CLAYTON – Daphne Benzaquen always aspired to be her own boss, she just didn’t know at what that would look like.
“My dad is a doctor and owns his own practice,” Benzaquen noted. “Growing up, I always saw him being his own boss and having control of his time and where he spent it.”
Benzaquen started out as pre-med in college but quickly realized that was not for her. She decided to take some business courses and ended up returning to St. Louis to get her MBA at Washington University.
It was in her second year that Daphne began looking for a backpack to carry around her laptop and books. That’s when and daph. began to form.
“I wanted something that no one had, something really unique,” Benzaquen said. “I was looking, and there weren’t really any backpacks at the price points or the quality that I wanted. I didn’t want something super big and frumpy, but I also didn’t want something that didn’t fit any books or my laptop.”
Benzaquen thought of Peru, the place that she was born. Knowing that the city of Arequipa has always been known for its leathers, especially for belts and jackets, she thought maybe she could design the backpack she wanted.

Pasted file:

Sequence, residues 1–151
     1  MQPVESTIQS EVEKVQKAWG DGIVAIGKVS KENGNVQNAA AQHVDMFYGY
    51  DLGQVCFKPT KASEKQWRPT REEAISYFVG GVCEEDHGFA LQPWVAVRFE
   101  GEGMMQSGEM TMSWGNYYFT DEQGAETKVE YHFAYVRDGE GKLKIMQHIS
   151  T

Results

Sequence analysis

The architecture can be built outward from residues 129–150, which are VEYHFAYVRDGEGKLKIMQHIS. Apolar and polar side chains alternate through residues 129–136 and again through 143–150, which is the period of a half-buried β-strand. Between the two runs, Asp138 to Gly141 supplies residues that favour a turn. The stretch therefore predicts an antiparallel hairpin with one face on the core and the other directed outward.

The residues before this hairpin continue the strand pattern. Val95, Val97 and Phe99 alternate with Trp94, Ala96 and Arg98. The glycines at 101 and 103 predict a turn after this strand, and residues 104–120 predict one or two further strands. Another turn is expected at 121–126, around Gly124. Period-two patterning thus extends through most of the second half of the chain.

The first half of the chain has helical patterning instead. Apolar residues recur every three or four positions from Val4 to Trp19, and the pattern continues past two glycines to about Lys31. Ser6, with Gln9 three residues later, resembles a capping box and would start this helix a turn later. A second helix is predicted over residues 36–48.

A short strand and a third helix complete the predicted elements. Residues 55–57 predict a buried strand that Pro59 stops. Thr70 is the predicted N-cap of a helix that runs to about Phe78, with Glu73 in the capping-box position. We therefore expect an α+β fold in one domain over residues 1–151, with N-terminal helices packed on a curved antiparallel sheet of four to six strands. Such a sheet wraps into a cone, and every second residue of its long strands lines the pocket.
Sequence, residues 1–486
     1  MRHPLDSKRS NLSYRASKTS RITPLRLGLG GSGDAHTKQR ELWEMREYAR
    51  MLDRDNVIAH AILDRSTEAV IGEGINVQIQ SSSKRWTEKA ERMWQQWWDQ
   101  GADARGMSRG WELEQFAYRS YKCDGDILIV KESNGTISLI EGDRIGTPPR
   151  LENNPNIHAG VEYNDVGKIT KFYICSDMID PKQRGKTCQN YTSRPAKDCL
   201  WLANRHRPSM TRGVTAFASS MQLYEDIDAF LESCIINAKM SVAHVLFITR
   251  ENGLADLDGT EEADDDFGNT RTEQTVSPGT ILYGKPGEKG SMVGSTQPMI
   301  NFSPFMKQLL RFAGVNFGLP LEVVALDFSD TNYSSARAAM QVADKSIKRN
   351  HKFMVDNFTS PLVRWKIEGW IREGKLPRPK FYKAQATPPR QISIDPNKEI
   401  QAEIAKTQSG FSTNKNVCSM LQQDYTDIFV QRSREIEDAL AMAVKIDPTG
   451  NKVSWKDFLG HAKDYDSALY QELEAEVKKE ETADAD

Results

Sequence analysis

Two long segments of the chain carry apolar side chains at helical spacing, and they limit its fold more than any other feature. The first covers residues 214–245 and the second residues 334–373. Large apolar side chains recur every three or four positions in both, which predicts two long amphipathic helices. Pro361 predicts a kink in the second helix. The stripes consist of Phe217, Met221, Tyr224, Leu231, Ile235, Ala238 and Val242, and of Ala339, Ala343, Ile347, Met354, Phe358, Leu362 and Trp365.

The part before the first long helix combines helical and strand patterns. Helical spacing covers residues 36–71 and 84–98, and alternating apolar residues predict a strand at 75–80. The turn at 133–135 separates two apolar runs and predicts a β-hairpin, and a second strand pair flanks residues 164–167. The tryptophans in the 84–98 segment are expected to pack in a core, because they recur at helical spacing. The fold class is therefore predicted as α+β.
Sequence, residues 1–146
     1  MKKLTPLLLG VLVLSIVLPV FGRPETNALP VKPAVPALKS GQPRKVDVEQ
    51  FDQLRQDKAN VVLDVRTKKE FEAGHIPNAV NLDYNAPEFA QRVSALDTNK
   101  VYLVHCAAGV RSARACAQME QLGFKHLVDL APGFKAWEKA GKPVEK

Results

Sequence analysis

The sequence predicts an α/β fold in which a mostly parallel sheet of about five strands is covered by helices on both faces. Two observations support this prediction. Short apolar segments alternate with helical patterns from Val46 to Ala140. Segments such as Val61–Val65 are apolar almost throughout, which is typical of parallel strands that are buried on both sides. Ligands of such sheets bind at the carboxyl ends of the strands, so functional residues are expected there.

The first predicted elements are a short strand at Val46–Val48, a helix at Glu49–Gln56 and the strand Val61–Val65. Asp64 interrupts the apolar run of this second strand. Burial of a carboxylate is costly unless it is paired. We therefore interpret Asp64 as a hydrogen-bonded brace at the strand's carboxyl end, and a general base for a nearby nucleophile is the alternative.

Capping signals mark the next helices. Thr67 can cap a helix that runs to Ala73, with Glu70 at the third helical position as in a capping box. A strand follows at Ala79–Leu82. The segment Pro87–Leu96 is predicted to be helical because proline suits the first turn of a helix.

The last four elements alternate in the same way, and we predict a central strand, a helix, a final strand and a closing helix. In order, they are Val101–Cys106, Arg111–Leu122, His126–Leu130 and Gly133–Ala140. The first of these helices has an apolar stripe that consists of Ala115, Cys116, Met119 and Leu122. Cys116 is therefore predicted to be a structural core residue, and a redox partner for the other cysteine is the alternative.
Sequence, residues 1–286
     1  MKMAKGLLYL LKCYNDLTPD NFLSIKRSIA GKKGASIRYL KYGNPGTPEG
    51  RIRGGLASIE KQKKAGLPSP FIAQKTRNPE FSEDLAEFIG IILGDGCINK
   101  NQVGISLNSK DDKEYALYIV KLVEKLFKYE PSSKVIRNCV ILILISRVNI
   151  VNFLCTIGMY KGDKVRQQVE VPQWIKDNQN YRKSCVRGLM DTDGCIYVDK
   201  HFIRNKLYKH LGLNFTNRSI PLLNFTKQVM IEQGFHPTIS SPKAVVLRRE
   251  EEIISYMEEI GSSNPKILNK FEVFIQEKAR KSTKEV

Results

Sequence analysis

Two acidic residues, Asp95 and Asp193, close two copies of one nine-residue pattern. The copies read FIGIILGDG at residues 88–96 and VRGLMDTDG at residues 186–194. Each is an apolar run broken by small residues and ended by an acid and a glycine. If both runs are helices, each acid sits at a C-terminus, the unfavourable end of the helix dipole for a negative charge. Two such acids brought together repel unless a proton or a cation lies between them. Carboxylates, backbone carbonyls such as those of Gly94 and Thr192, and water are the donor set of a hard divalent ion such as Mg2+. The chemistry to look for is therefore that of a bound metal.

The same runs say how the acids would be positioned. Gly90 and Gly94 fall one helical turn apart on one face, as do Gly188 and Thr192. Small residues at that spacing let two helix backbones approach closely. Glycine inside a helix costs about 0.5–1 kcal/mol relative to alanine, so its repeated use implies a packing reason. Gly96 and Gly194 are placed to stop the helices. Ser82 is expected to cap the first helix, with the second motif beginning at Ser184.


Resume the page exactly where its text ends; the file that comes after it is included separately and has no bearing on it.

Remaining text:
“I cold emailed about five to seven leather tanneries and manufacturers there,” Benzaquen recalled. “I thought I would just try it, it’s business for them.”
Benzaquen then set up meetings with the manufacturers for three months out. She, along with her aunt and sister, visited Arequipa to meet with the manufacturers and see the designs they made based on the email conversations.
“I’m a self-taught designer, so I didn’t expect…the outline was there, but some of them completely changed my design and I wasn’t happy with that,” she said. “I had it pictured and nothing matched.”
The final manufacturer that Benzaquen met with had the closest design to the product she had pictured. Benzaquen noted that they had told her with the short time given, it had been difficult to make but they figured it out. She said it had been difficult to communicate via email, with no relationship established, but alas she had her backpack with the quality and uniqueness she desired.
“I got my backpack and I was like, ‘I can make more of these,’” she said. “I’ve always been creative and I’ve always liked drawing and painting. I just started drawing more [products].”
Benzaquen designed a backpack, a bucket bag, and a belt bag. After a year of back and forth with the manufacturers, the first collection of daph. was completed.
“I kind of learned everything along the way,” Benzaquen shared.